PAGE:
Applying this definition to our asset in some examples:- Compared with the benchmark SPY (0.57) in the period of the last 5 years, the excess return divided by the downside deviation of 0.49 of Johnson & Johnson is lower, thus worse.
- During the last 3 years, the downside risk / excess return profile is 0.5, which is lower, thus worse than the value of 0.79 from the benchmark.

'The Ulcer Index is a technical indicator that measures downside risk, in terms of both the depth and duration of price declines. The index increases in value as the price moves farther away from a recent high and falls as the price rises to new highs. The indicator is usually calculated over a 14-day period, with the Ulcer Index showing the percentage drawdown a trader can expect from the high over that period. The greater the value of the Ulcer Index, the longer it takes for a stock to get back to the former high.'

Which means for our asset as example:- Looking at the Downside risk index of 6.76 in the last 5 years of Johnson & Johnson, we see it is relatively greater, thus better in comparison to the benchmark SPY (3.95 )
- Compared with SPY (4 ) in the period of the last 3 years, the Downside risk index of 7.39 is larger, thus better.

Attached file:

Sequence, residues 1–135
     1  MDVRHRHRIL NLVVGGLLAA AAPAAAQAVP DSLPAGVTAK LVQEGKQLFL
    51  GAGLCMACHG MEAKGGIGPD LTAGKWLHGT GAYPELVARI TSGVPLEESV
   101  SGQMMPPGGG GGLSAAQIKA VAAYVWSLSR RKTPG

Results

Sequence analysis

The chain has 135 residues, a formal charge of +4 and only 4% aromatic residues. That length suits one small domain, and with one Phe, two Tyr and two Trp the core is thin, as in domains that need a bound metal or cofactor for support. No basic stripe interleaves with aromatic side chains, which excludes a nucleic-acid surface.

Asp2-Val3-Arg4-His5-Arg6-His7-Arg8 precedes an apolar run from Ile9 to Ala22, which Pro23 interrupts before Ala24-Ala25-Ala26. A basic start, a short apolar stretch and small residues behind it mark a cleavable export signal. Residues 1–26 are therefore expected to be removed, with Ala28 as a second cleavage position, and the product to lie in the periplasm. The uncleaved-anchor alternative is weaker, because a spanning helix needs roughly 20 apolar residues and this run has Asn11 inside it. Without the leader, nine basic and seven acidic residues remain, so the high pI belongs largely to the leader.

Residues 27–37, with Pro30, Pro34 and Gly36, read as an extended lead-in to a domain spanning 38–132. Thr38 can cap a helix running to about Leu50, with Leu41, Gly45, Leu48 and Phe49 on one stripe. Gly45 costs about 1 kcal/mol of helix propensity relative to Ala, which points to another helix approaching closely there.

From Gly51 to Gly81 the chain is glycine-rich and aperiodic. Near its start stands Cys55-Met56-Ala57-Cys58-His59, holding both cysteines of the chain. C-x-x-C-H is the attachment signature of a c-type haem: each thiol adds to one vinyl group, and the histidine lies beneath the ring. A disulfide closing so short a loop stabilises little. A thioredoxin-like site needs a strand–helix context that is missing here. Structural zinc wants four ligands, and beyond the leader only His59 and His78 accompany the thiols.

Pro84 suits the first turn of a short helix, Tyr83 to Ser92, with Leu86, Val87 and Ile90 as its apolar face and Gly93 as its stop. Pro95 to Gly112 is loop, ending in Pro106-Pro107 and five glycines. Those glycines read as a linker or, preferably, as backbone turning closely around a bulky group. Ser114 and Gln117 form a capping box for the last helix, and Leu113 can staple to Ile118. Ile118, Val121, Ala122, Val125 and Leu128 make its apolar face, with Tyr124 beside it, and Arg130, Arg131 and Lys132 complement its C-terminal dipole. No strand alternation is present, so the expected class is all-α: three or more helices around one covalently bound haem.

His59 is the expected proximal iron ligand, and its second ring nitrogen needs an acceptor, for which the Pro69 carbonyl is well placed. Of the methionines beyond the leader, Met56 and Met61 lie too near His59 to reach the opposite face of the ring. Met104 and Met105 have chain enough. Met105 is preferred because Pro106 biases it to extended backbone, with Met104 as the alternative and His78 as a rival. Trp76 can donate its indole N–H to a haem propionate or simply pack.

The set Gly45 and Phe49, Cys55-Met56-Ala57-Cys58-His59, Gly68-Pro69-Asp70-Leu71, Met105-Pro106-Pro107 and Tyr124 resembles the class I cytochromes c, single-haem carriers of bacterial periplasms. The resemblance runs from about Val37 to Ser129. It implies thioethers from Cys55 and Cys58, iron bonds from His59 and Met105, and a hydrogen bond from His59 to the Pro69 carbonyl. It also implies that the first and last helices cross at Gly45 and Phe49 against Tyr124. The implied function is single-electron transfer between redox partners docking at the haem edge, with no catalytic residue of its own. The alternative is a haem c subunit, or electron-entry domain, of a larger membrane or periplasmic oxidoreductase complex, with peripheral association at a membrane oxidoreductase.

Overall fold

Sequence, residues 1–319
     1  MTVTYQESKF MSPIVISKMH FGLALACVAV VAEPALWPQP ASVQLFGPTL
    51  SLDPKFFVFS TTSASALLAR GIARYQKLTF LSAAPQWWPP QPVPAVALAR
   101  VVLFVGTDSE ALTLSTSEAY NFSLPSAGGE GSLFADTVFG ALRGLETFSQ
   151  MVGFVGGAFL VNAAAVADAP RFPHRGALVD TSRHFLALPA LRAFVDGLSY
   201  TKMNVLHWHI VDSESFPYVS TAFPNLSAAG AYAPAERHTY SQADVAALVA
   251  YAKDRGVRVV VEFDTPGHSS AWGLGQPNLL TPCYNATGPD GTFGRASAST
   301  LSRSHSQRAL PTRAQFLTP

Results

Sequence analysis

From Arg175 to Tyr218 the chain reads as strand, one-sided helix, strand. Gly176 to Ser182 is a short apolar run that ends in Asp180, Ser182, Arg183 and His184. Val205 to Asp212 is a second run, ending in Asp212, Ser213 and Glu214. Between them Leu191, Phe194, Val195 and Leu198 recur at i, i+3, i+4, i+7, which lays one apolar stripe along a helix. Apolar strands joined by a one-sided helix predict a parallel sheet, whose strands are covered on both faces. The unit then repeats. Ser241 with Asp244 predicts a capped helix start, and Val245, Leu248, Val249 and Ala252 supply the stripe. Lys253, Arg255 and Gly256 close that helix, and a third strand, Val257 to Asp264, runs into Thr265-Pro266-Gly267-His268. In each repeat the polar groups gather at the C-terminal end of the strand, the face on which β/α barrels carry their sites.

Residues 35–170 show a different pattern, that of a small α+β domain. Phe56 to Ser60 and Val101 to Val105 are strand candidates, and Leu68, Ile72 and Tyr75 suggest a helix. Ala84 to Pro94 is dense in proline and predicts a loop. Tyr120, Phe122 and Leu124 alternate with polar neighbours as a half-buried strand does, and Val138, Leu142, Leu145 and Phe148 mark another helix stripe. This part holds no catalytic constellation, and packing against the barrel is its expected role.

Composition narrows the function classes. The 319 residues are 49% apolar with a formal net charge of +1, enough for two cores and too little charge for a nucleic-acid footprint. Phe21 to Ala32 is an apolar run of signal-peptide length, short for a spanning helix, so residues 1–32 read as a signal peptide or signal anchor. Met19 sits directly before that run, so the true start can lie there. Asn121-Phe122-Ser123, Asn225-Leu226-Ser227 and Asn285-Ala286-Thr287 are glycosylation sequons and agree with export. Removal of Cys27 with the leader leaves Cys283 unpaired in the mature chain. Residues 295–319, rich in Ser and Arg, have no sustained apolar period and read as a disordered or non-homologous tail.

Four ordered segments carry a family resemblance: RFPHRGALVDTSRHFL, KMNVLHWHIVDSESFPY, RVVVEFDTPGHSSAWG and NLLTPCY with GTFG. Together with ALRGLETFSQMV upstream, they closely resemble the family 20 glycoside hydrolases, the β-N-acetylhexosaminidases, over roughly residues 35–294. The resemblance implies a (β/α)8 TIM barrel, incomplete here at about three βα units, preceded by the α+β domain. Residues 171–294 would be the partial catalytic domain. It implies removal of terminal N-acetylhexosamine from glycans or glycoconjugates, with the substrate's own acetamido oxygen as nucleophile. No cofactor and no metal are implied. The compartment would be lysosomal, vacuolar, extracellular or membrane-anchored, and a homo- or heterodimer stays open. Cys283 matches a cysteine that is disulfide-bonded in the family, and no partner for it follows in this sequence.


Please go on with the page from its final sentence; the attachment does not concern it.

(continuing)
'Maximum drawdown measures the loss in any losing period during a fund’s investment record. It is defined as the percent retrenchment from a fund’s peak value to the fund’s valley value. The drawdown is in effect from the time the fund’s retrenchment begins until a new fund high is reached. The maximum drawdown encompasses both the period from the fund’s peak to the fund’s valley (length), and the time from the fund’s valley to a new fund high (recovery). It measures the largest percentage drawdown that has occurred in any fund’s data record.'

Applying this definition to our asset in some examples:- Compared with the benchmark SPY (-19.3 days) in the period of the last 5 years, the maximum reduction from previous high of -18.3 days of Johnson & Johnson is higher, thus better.
- Compared with SPY (-19.3 days) in the period of the last 3 years, the maximum reduction from previous high of -18.3 days is greater, thus better.